Pula Steel says it will soon conclude supply agreements with potential buyers of its steel products, as the company moves to dispel concerns that it might end up catching the Botswana disease and collapsing before takeoff. The company is looking to export to countries like India, United Arab Emirates (UAE) and Dubai.
Pula Steel Managing Director, Ranvir Verma told journalists on a guided tour of the plant that they already have letters of intent from some of their targeted markets.
“One customer has already visited the site from Dubai,” he said.
He added that Pula Steel has targeted five to 10 customers for its steel products. The flagship project is aimed at boosting economic activity in the Selebi Phikwe region and ensuring sustenance even after closure of the BCL mine. The mine, which employs around 4,500 people, is the only enterprise that is keeping Selibe Phikwe alive at the moment. The idea is to push big projects similar to Pula Steel towards the Selibe Phikwe area as compensation for other “failed” mega projects like Botswana International University of Science and Technology (BIUST), which was initially targeted for Selibe Phikwe and later relocated to Palapye.
For his part, Pula Steel’s Director of Corporate Affairs Brian Mosenene said the company has secured long term off-take markets with international customers for billet and with local customers for rebar.
“Supply agreements are being finalized,” he said.
There were fears that the Pula Steel project could end up going the way of the Fengyue glass project in Palapye, which failed to take-off after gobbling millions in government investments, amid allegations that the project had failed to secure off-take agreements with potential buyers. Doubts over the viability of Pula Steel were elevated after neighboring South Africa announced that it had joined forces with a Chinese company to build a steel plant worth over P2 billion not far from Selebi Phikwe, just a few months after Pula Steel kicked off.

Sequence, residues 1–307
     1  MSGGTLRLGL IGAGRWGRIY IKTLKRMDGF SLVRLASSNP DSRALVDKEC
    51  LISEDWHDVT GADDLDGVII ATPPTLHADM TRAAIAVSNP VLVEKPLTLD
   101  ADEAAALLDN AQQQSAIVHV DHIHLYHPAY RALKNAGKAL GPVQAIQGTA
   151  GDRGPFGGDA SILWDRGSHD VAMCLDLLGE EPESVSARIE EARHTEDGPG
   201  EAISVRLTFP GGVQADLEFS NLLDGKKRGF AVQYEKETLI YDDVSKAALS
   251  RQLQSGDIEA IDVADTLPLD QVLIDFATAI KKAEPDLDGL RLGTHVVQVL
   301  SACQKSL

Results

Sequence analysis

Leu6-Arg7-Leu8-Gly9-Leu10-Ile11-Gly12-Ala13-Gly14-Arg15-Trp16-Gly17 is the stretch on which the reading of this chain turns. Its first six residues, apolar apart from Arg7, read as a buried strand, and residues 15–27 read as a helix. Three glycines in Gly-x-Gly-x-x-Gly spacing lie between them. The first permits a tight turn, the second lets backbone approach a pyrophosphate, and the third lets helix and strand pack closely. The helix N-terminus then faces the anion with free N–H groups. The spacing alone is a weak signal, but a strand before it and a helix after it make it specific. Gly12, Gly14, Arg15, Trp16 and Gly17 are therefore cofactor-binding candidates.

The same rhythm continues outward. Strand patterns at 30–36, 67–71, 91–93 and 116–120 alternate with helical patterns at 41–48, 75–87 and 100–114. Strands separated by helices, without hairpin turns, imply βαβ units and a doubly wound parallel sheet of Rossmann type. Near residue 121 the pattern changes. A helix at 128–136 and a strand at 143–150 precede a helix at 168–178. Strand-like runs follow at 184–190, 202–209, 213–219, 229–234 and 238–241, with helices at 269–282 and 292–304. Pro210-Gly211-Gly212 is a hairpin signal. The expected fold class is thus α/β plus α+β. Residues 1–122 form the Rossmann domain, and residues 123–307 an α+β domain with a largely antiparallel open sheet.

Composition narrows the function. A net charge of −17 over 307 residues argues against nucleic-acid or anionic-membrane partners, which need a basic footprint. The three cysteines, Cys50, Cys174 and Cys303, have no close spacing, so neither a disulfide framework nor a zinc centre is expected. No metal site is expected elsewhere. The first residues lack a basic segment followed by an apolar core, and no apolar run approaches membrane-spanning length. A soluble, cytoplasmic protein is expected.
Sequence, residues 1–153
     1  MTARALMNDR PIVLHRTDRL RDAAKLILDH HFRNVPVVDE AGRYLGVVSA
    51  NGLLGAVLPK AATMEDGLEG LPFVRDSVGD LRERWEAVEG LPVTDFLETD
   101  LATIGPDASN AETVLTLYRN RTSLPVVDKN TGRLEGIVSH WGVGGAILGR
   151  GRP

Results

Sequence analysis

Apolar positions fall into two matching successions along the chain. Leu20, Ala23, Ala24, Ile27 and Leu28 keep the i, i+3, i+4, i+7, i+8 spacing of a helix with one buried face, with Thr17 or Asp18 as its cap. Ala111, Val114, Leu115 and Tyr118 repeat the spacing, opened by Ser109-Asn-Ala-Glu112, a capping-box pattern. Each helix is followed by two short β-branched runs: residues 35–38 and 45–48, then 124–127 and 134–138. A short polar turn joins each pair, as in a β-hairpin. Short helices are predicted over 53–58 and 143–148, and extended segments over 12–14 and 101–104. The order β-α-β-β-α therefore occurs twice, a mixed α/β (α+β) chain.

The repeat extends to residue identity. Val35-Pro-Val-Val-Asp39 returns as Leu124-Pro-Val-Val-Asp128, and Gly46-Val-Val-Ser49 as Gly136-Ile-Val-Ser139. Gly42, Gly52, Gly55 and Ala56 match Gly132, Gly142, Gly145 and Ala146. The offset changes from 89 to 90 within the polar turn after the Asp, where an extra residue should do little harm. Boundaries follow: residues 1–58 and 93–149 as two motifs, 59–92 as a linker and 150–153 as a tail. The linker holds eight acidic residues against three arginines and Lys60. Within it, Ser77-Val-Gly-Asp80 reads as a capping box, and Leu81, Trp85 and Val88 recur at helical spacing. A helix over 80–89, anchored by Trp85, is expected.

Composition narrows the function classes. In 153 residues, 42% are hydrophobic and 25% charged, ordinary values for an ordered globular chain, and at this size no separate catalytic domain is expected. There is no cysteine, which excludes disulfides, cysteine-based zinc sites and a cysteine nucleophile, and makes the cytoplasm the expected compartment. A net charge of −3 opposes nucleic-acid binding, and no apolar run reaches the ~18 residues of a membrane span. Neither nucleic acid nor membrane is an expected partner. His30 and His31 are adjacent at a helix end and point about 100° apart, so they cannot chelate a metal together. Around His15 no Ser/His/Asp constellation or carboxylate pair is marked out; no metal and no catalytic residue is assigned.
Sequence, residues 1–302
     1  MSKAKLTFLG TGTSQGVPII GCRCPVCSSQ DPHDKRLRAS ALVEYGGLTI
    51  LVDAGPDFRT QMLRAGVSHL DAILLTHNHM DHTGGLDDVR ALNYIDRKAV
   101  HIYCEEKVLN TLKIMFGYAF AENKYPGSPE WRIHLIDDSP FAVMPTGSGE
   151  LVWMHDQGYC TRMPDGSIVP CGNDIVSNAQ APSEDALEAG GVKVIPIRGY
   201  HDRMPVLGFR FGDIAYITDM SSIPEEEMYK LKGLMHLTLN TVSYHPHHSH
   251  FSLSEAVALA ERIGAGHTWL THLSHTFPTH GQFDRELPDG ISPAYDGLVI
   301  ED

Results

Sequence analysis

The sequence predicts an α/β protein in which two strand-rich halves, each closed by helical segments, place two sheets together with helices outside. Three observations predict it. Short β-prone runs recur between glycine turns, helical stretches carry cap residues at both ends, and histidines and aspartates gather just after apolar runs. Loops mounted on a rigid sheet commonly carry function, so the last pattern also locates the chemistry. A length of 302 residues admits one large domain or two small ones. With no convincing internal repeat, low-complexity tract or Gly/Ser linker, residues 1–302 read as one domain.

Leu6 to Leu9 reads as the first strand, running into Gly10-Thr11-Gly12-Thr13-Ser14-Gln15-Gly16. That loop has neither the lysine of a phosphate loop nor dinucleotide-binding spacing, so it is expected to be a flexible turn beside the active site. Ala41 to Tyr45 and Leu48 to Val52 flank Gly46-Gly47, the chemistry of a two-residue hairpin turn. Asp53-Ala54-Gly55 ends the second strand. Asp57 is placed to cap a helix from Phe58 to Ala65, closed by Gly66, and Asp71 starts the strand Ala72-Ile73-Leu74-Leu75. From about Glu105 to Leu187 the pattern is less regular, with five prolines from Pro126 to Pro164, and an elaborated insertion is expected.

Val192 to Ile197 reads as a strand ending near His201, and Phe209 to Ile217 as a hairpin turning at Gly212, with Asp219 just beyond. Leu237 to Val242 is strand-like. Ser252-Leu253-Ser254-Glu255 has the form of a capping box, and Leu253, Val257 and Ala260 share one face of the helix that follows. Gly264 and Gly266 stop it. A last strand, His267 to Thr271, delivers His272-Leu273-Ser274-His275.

The Pula Steel project was set up as an integrated factory that manufactures steel from scrap metal. It will only buy scrap metal from licensed dealers to avoid theft. The company said it has secured commitments for the supply of scrap metal from mining operations, including BCL. Last week Verma announced that they have enough material to satisfy production targets over the next couple of months. The target is to start production by September.
So far, cutting and processing of scrap has already commenced at the BCL scrap site; and the first billet is expected out of the production line by 31st July 2015. Full billet production is expected by 30th August while the first rebar out of production is expected six months later. BCL Managing Director, Dan Mahupela revealed that the Pula Steel plant was supposed to have been built in two phases, with Phase I producing 80 tonnes of billet per day. However, the plant was later modified to accommodate a higher output of 240 tonnes per day.
“The combination of the two phases meant that the project was moved forward from a targeted production date of December 2014 to August 2015. The significant positive outcome in bringing Phase II forward is the instantaneous increase in employment opportunities, rather than having the benefit deferred to some future date,” said Mahupela.
He further revealed that the project was meant to employ 250 workers in the primary phase, but the number has doubled as a result of the fast tracking.
“This also means that such production levels, upon commissioning of the plant, will ensure greater shareholder value in terms of projected returns on investment,” said Mahupela.
The project is expected to create 1000 jobs at full production. BCL, which is owned by the Botswana government, has a 50.5 percent stake in Pula Steel. Already, the mining company has invested P53 million into the project to support construction.